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Lab Invest. 1996 Jul;75(1):109-23.

Multiple sclerosis: a protective or a pathogenic role for heat shock protein 60 in the central nervous system?

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  • 1Department of Pathology, Albert Einstein College of Medicine, Bronx, New York, USA.

Abstract

The stress proteins belonging to the heat shock protein 60 (hsp6O) family of molecular chaperones with known immunogenic properties are expressed at increased levels in a number of autoimmune conditions. Because previous studies from this laboratory suggested that hsp6O may be involved in the pathogenesis of the chronic multiple sclerosis (MS) plaque, we have examined autopsied central nervous system tissue from 10 cases of MS, ranging in clinical history from acute to chronic inactive. MS lesions ranged from acute, actively demyelinating and edematous, to fibrous astrogliotic and chronically demyelinated. As controls, central nervous system tissue from other neurologic diseases and nonneurologic conditions was used. Frozen, paraffin, and epoxy-embedded sections were studied immunocytochemically with the ML30 mAb to hsp6O. Acute MS lesions displayed the greatest reactivity, with particularly prominent staining of hypertrophic astrocytes, reactive macrophages, and hyperplastic oligodendrocytes. In all these cells, elevated expression occurred in the constitutive site for hsp6O (mitochondria) and within the cytosol, which is suggestive of a shift in expression. The hsp6O-reactive oligodendrocytes were structurally intact. Chronic active MS lesions also revealed the highest levels of hsp6O in hypertrophic astrocytes and oligodendrocytes. Chronic silent MS lesions displayed elevated hsp6O in hypertrophic astrocytes only while constitutive expression occurred elsewhere in the central nervous system at levels slightly higher than normal. Other neurologic disease tissue displayed expression elevated above that found in nonneurologic cases, but this was considerably less than that seen in acute MS. Of the other neurologic diseases, AIDS encephalitis revealed the greatest activity for hsp6O, with both mitochondrial and cytosolic staining of astrocytes. It is proposed that the high levels of hsp6O in hyperplastic, structurally intact oligodendrocytes in acute MS lesions may bespeak a protective mechanism, whereas hsp6O in chronic active lesions may serve a pathogenic role in the later depletion of these cells.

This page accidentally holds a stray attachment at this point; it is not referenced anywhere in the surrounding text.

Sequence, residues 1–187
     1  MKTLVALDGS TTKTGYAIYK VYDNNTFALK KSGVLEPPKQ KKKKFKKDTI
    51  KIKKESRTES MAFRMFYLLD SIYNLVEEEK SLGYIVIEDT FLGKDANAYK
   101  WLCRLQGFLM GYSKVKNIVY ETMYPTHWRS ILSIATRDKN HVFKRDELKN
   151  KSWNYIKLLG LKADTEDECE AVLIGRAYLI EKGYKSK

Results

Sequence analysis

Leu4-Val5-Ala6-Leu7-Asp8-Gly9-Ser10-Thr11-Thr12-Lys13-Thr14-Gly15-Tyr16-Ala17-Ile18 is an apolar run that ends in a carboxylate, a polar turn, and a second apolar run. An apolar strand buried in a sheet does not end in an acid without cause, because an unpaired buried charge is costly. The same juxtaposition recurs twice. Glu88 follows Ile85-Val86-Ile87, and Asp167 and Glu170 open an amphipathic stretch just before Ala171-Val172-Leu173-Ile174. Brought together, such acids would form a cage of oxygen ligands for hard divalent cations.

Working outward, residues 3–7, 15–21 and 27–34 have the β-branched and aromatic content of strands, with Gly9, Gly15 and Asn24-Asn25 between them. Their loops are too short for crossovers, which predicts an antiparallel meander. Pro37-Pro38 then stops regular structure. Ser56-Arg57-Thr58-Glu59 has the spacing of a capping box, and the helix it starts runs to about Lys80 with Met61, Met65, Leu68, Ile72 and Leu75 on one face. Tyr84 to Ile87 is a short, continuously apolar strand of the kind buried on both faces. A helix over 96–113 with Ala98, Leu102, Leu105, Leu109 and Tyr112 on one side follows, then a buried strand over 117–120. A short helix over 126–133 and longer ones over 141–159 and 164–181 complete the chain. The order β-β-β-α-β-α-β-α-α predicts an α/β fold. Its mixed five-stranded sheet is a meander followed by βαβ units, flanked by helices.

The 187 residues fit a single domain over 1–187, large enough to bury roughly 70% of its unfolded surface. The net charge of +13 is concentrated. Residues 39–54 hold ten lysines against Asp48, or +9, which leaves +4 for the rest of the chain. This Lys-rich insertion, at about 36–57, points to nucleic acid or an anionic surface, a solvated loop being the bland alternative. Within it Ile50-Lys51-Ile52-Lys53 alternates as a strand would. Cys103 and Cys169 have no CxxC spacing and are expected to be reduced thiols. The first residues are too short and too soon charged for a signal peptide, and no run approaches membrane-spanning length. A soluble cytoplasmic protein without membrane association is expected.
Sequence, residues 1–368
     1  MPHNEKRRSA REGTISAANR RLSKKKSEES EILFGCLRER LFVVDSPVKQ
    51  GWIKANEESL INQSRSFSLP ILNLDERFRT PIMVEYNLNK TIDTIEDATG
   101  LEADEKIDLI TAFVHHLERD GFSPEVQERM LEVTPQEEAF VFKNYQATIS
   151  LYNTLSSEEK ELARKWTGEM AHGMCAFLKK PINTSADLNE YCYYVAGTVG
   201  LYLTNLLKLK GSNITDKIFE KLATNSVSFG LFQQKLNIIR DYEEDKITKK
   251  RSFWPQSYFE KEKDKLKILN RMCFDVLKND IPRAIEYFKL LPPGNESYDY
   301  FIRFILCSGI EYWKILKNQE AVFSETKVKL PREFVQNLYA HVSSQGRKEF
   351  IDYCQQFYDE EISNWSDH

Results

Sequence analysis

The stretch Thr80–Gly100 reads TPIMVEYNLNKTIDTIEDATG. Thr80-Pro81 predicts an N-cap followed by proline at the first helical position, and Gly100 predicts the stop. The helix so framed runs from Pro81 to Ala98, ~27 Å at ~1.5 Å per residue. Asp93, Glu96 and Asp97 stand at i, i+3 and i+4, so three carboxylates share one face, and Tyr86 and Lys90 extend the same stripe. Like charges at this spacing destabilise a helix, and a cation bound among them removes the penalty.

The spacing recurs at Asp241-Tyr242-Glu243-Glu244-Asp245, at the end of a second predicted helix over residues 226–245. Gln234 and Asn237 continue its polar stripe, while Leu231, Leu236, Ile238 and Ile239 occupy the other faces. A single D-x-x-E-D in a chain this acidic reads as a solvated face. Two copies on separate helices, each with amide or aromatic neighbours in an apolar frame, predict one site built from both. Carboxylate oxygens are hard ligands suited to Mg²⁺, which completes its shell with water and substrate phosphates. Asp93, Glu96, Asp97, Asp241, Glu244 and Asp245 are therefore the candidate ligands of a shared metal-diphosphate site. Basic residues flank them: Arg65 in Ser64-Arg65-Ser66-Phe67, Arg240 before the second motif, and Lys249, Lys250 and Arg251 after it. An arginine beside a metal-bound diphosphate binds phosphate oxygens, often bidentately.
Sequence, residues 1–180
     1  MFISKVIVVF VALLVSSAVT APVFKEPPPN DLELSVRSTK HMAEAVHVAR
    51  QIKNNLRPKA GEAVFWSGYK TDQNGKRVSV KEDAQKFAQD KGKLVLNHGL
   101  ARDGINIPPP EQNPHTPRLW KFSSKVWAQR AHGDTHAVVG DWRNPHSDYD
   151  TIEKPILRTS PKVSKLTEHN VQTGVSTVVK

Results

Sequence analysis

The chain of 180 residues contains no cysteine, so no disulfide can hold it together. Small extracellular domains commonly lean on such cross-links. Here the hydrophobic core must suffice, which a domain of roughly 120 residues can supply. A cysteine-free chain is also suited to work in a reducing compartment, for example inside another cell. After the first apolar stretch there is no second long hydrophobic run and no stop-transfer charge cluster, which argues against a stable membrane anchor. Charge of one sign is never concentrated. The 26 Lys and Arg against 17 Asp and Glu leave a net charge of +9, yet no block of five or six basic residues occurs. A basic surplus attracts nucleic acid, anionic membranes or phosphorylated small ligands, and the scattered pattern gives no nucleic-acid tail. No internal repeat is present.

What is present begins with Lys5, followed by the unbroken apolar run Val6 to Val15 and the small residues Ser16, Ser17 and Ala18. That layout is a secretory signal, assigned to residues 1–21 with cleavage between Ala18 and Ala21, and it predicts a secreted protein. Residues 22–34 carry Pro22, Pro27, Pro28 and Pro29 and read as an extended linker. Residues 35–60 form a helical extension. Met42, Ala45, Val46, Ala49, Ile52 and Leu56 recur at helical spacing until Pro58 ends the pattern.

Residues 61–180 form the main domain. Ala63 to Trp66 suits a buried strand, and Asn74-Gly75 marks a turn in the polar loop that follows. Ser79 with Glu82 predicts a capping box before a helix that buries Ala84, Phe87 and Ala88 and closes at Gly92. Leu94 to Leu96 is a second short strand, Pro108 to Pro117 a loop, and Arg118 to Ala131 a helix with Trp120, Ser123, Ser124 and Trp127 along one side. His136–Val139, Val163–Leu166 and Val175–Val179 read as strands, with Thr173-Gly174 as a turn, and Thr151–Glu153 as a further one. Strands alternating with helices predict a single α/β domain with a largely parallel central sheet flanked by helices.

PMID:
8683935
[PubMed - indexed for MEDLINE]
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